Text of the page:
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Daily update: The "Endless Mile" installment

High in the Khumbu, no one hears your screams. It started with a cough. It always does...


4/27/00
Phakding, Nepal

Well, we're gleaning the last of the battery power from all sources, so tonight's dispatch will be mercifully brief. For those of you aching for the Stephen King-ish dispatch, stay tuned. I'll be forwarding more from Kathmandu. I know you're waiting with bated breath. Mike's already got a taste of it. He approves. But what choice does he have? I have a captive audience. He also says I should give you a brief installment. Good idea. I'll call it my "Endless Mile" installment. So, for a few paragraphs, here goes.

Endless Mile, part 1
High in the Khumbu, no one hears your screams.

It started with a cough. It always does. Mike watched his climbing partner toss and turn in his sleeping bag. This was night three of no sleep. One more night like this one and… he didn't want to think about it. David had been his friend for too long to consider any morbid end—for either of them. They had been warned about the Khumbu cough. The hacking, dry cough of a tuberculin zombie, where your lungs feel like stuffed blood sausages and you can't get enough oxygen in your system to inflate a condom.

But something had gone wrong. Seriously wrong.

Mike switched on his headlamp. The low watt bulb vomited forth its yellow glow into the interior of the North Face Expedition tent. Mike gave one more worried look at the restless form in the opposing sleeping bag, saw no movement, then reached for the camel satchel containing the gel-cell battery.

"This had better work tonight," he mumbled. The battery, though reliable, weighed in at just under 25 pounds. On an expedition, the weight you carried was as precious as blood—your own. "Might as well be toting a corpse up the moraine." The thought came on its own, cutting through his brain like a hot surgical knife—no time to stop it. Once more Mike shuddered, then shook the thought away.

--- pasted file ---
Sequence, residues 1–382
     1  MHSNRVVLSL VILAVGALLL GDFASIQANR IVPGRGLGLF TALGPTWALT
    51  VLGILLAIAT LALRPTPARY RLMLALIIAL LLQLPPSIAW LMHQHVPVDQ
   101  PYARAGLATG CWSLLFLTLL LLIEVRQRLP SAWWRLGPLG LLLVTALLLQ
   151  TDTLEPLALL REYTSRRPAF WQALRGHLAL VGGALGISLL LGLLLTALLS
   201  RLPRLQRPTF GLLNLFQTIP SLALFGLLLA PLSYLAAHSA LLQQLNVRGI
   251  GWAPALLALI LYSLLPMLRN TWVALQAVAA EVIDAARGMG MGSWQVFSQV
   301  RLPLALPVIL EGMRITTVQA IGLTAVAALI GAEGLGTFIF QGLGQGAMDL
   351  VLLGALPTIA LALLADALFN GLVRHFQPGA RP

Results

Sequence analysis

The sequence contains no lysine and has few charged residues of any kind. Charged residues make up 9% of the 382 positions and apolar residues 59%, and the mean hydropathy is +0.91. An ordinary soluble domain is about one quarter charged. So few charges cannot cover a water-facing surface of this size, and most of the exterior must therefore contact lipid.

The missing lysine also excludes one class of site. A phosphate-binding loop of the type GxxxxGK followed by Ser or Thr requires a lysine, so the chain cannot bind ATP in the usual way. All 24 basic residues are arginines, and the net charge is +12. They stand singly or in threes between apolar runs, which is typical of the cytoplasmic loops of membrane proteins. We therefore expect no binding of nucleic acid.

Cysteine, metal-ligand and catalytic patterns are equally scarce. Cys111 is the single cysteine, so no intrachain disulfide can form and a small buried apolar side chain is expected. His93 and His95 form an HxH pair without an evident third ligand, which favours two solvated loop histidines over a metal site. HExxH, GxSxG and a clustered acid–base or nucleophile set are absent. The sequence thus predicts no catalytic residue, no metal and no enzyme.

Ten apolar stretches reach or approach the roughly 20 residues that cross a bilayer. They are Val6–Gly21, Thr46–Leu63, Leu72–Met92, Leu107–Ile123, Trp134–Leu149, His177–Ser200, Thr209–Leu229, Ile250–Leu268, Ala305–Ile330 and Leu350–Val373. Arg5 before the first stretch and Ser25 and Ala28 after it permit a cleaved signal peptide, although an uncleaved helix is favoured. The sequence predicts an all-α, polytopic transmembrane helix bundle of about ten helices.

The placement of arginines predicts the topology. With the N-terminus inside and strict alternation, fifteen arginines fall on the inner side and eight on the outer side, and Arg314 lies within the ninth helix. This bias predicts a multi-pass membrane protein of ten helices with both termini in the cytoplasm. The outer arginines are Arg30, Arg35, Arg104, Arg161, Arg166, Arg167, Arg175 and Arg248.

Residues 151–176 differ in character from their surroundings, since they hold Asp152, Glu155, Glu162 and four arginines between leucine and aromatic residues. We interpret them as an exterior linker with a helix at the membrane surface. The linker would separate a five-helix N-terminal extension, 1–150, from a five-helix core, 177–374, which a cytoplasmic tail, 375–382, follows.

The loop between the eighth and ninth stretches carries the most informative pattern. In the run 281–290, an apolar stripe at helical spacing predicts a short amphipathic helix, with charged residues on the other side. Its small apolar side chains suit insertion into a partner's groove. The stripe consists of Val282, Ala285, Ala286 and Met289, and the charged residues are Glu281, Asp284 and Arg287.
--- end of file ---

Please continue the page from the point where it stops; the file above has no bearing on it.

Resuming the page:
"One more dispatch, Dave, that's all. One more and then we can go home." Mike's words were meant more for himself than his tent mate, therefore when an answer followed, he nearly emptied his bladder.

"Home? Home is where the heart is. Right Mikey?"

Here ends part 1. In part 2, you'll learn how remarkable Dave's recovery is, and just what secret Mike is holding onto. Until then, sleep tight.

Trail news:

Another five-hour day. Mostly downhill for a change, but still enough uphill segments to keep our legs honest. We wouldn't want to go soft now, would we?

We were honored today by our guide Nawanz, and his wife. Invited into their home, we were given blessing scarves called Katas. I'll let Mike fill you in on the details, but suffice it to say, I think the experience tops off my trip. It touched me deeply.

More tomorrow from Lukla. Yes, a night in that town with the little uphill airstrip, and then back to Kathmandu. Can't say I'm sorry.

Until then,
Namaste
Dave
Want to win a TechRepublic baseball cap? Share your climbing experiences or give the guys encouraging words by posting your comment below, or send us an e-mail. It's that simple.And so you don't miss one step of David and Mike's climb up Island Peak, subscribe to our free TrekMail. Be one of the first 2,000 subscribers to our TrekMail, and you'll get a cool TechRepublic flying disc!

David Bard has been a fixture at TechRepublic for some time now. At one time he was editor in chief of LinuxRepublic and then AdminRepublic. Currently, he occupies space as an editor in chief with TechProGuild. In addition, he’s a freelance writer who has covered extreme sports for years. He also is a writer of horror and—contrary to what his climbing partner may think—is hoping the expedition to Nepal doesn’t provide fodder for his next story. When he’s not at home teaching his year-and-a-half-old daughter why it’s not a good idea to eat rocks, or trying to convince his wife why yet another expedition really is necessary, he’s usually off in some remote section of woods trying to discover himself. He’s still looking.

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